Border Violence

Bob Dylan: A Drifter’s Escape

Bob Dylan’s song “The Drifter’s Escape” strikingly fits the course and content of Harshia Walia’s chapter “Fortress Europe” in her book Border and Rule. Of course, a refugee and a drifter are not the same thing. However, the physical and psychological warfare that the EU is waging against any person of colour that illegally tries to cross the Schengen borders from the global South can force many refugees to involuntarily take on some drifter’s characteristics, such as aimlessly moving around without a fixed home or job.  

The second verse of Dylan’s song goes as follows:

“My trip hasn’t been a pleasant one
And my time, it isn’t long
And I still do not know
What it was that I’ve done wrong”[1]

Many refugees probably know that crossing a border without valid papers is a crime, but the essence of their actions is a quest for a safe or a better life. From this perspective and in this context, we can assume most people would plead ignorance when they are asked what they have done wrong. This verse corresponds with Walia’s text because her text explains routes refugees take and violence they meet on the way.[2]

Especially black refugees travelling through the Sahara Desert deal with a lot of racism towards them on their way north, aside from physical violence. Political and public debates about their stories of survival and about deaths at the EU’s borders often generate victim-blaming responses of politicians and the public.[3] This resonates with the comments that the judge makes towards the drifter during the court session in the third verse of Dylan’s song:

“Well, the judge, he cast his robe aside
A tear came to his eye
“You’d fail to understand”, he said
“Why must you even try?””[4]

Especially the line “Why must you even try?” is striking here. The judge seems to say that if the drifter had not been a drifter or an outsider, he would not have had to sentence him. The song does not explain why the drifter is a drifter, or what the drifter may have done wrong. The drifter does not even know what he has done wrong. The judge seems to blame the drifter for what his way of life has become, even though his life may have become this way involuntarily.[5] This resonates with blaming a victim of violence for having undergone that violence against their will. Even though refugees know they may have to undergo violence, they still choose to leave their homes. This can be seen as an act of such desperation, that it indeed can become hard to recognise what one might have done ‘wrong’, something which also and again refers to the second verse of the song.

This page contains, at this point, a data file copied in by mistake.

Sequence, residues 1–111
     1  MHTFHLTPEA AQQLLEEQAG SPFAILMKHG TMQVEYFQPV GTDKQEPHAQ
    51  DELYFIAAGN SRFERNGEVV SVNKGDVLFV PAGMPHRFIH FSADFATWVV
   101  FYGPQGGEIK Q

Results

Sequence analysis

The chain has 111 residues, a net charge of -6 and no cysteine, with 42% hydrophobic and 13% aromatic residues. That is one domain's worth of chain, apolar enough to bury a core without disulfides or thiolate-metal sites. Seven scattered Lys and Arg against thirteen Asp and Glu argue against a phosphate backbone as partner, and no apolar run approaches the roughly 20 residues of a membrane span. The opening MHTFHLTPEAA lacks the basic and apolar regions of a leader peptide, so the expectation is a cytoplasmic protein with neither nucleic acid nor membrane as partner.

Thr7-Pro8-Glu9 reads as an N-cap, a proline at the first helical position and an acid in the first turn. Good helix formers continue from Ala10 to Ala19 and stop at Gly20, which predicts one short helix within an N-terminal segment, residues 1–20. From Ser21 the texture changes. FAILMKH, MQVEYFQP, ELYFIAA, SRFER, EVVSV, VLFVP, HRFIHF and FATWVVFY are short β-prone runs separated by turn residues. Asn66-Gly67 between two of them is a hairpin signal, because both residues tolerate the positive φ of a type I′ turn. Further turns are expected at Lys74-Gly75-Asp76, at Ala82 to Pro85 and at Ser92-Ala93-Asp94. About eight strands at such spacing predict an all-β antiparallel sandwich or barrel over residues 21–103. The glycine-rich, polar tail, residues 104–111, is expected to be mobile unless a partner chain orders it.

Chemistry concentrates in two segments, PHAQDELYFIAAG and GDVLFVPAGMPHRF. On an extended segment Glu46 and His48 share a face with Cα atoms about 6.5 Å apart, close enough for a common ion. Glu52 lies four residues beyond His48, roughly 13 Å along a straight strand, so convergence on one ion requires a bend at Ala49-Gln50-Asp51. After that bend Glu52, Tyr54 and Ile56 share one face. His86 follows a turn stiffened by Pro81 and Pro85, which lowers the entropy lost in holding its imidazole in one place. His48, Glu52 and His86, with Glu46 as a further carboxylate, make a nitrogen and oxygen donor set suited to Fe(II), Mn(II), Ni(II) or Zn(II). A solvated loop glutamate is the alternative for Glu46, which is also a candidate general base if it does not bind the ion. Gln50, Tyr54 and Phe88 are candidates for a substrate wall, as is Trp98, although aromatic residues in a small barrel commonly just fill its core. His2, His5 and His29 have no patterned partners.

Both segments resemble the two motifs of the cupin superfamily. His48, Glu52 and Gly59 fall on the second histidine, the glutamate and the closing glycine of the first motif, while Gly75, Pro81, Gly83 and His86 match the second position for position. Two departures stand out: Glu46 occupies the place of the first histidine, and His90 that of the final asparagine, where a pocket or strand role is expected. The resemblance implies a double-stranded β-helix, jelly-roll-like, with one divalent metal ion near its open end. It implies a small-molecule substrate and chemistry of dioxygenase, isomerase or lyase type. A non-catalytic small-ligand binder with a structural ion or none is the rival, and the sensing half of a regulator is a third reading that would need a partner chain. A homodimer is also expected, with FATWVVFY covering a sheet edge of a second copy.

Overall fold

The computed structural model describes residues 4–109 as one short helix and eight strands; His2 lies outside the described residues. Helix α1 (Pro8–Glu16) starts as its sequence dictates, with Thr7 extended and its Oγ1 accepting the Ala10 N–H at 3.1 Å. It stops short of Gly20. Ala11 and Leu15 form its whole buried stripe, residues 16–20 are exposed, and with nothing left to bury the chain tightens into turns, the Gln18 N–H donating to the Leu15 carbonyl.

The fourth and fifth verses of Dylan’s song mention that “the jury cried for more”, and about how their crying is “ten times worse” than the trial itself. This can be interpreted as Dylan referring to the Jury as ignorant, because the cheerful melody of the song combined with the loud but sad tone of Dylan’s voice produce a cynical sound.[6] This corresponds with Walia’s description of the EU’s ignorance and indifference in their condonation of Turkish President Erdoğan’s violent regime by making a deal on ‘regulating’ the number of refugees that come into the Schengen zone.[7]

The last verse of Dylan’s song, in which a bolt of lightning strikes the courthouse and the drifter escapes, resonates with the last pages of Walia’s article, where she describes how border policies divide the EU and Schengen’s politics.[8] Only, in Dylan’s song, the drifter escapes, whereas Walia’s article ends with the lack of freedom refugees suffer.[9]

When we use Dylan’s song to interpret the EU’s border regime, he does provide us with a small optimistic insight that Walia bypasses. Dylan sings about how “a tear came to” the judge’s “eye” when he is about to pass judgement. With this Dylan teaches us that even though the European border regime is racist and carries out violent practices, this does not mean that not necessarily every individual working for the regime has intrinsic motivations for carrying out the practical implications of the regime.  

Doortje Kok

[1] Bob Dylan, “Drifter’s Escape”, album: John Wesley Harding (Columbia Records, Nashville, 1967), second verse in the lyrics.  

[2] Harsha Walia, “Fortress Europe: Imperial Containment Routes of Securitization and Externalization Disrupting Liberal “Welcome” Black Mediterranean”, Border & Rule. Global Migration, Capitalism, and the Rise of Racist Nationalism (Haymarket: Chicago, 2021), pp. 105-130; pp. 105-106, 109-116.

[3] Walia, “Fortress Europe: Imperial Containment Routes of Securitization and Externalization Disrupting Liberal “Welcome” Black Mediterranean”, pp. 107-108.

[4] Bob Dylan, “Drifter’s Escape”, third verse.

[5] Bob Dylan, “Drifter’s Escape”, third verse.

[6] Bob Dylan, “Drifter’s Escape”, fourth and fifth verse.

[7] Walia, “Fortress Europe”, pp. 122-123.

[8] Bob Dylan, “Drifter’s Escape”, last verse.

[9] Walia, “Fortress Europe”, 136-137.

Leave a Reply

Your email address will not be published. Required fields are marked *